As a result of this clarification we hope that it will easier for people to know where FBFI stands on issues. The position of FBFI is expressed in its Constitution and in the position and policy statements of the Board. The only people who have the authority to speak authoritatively for FBFI are the Board acting collectively and the president (and anyone specifically delegated by the Board or the president). The statements of individual members of the Fellowship or of the Board represent their own personal views and not necessarily those of FBFI.

Opportunities for Discussion

In order to fulfill its mission, FBFI must not only speak collectively but also promote opportunities for discussion. We need the encouragement and challenge of one another’s ideas. Although there should be broad agreement within FBFI as to basic beliefs and practices (such as the Biblical requirement for ecclesiastical and personal separation), there are differences of opinion about practical applications in particular cases. Moreover, on various issues, members of FBFI have different views. On these issues FBFI as a body does not “take sides” and seeks to allow for spirited, albeit charitable, discussion. If we are to benefit from one another’s insights, there needs to be the opportunity to hear different points of view. The three principle venues that help promote productive interaction are FrontLine magazine, the Proclaim and Defend blog, and the various fellowship meetings. The first two are edited by FBFI members serving under the direction of the president. The fellowship meetings are hosted by local churches and other Christian institutions for the encouragement and edification of FBFI members and other attendees.

In these three venues, the points of view expressed are those of the writers and presenters and not necessarily of that of FBFI. Of course, the editors and fellowship hosts believe that these contributors are worth hearing. While this judgment may not be exercised in a way that is either unscriptural or against the official positions and policies of FBFI, neither should it be construed as an official endorsement by FBFI of everything written or said. Similarly, exhibitors and other resources made available at FBFI meetings are thought to be of general usefulness or interest to those attending, but they do not by that fact obtain the “official endorsement” of FBFI.[2] Requiring the imprimatur of the FBFI president or Board for every idea and resource presented at the national, regional, and local fellowship meetings would be impractical and would defeat the purpose of creating a forum for productive interaction.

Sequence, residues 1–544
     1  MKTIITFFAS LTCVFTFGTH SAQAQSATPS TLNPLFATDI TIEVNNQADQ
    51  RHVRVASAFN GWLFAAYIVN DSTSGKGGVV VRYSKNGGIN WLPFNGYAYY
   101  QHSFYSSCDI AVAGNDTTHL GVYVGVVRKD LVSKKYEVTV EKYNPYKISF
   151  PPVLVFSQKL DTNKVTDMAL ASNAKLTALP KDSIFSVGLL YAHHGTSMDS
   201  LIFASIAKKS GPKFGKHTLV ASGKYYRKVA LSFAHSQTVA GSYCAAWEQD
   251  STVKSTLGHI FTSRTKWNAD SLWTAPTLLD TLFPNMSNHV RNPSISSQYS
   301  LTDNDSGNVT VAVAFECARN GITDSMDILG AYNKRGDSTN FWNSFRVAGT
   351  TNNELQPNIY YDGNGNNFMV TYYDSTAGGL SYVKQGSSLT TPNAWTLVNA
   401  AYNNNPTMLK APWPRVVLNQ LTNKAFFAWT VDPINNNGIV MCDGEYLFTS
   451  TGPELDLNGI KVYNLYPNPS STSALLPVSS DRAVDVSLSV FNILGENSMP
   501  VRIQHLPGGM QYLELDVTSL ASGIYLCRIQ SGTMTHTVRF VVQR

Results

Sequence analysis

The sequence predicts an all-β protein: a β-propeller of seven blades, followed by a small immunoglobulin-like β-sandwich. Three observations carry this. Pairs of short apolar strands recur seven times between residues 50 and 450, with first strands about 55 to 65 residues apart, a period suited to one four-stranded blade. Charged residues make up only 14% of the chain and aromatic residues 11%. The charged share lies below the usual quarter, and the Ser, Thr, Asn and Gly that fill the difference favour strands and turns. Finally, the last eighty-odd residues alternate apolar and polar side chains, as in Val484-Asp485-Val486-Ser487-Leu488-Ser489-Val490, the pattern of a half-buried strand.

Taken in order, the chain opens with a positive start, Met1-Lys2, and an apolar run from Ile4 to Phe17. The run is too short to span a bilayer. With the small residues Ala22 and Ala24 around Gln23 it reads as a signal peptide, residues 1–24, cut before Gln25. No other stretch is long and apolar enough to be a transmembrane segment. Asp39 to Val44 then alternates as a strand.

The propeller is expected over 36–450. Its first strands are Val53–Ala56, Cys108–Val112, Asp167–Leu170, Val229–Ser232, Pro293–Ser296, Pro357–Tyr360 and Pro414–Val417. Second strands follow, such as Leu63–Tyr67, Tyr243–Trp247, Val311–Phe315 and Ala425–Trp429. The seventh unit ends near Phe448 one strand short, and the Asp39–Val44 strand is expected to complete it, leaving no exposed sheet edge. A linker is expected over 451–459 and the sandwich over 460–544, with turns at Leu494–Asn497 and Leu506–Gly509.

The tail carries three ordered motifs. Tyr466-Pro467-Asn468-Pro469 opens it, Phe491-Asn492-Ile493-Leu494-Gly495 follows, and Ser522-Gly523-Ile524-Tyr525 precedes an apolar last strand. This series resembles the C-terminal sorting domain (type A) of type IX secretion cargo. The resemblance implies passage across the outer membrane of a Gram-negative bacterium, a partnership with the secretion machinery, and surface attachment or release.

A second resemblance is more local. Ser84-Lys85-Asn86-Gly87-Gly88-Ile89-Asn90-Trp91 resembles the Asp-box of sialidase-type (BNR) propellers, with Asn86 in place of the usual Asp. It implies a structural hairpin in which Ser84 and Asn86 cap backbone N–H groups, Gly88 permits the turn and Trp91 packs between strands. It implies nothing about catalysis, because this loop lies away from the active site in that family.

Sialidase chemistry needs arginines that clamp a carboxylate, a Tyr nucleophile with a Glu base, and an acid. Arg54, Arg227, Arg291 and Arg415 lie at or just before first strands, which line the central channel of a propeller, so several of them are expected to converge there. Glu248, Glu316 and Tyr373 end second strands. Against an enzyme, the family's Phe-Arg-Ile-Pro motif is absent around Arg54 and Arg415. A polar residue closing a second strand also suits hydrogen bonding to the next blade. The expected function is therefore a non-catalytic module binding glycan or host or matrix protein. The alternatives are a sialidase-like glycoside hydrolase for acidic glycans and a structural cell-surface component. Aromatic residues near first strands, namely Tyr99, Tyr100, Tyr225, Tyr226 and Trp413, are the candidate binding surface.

We greatly desire the prayers of friends of FBFI and of God’s people in general as we seek to fulfill the responsibility laid upon us to communicate the right message at the right time and in the right way. We pray the same for all believers and churches who love the Lord and seek to represent Him truthfully.


Dr. David Shumate has served as an associate pastor and has taught in Bible college and seminary. He is currently the director of MGM International, a Hispanic mission agency located in Phoenix Arizona. He serves as FBFI secretary and as chairman of the Policies and Positions Committee.

(Originally published in FrontLine • May/June 2013. Click here to subscribe to the magazine.)

  1. In addition to the military chaplaincy, FBFI promotes the chaplaincy in law enforcement, public safety, and hospital settings. []
  2. While the members and leaders of FBFI greatly appreciate many different faithful ministries engaged in the work of the Lord, FBFI does not have a list of “approved” schools or ministries. Any position that FBFI takes with regard to a particular ministry will be reflected in a position statement of the Board. []


Although Proclaim & Defend is the blog of the FBFI, the articles we post are not an expression of the views of the FBFI as a whole, they are the views of the author under whose name they are published. The FBFI speaks either through position statements by its board or through its president. Here at Proclaim & Defend, we publish articles as matters of interest or edification to the wider world of fundamentalist Baptists and any others who might be interested.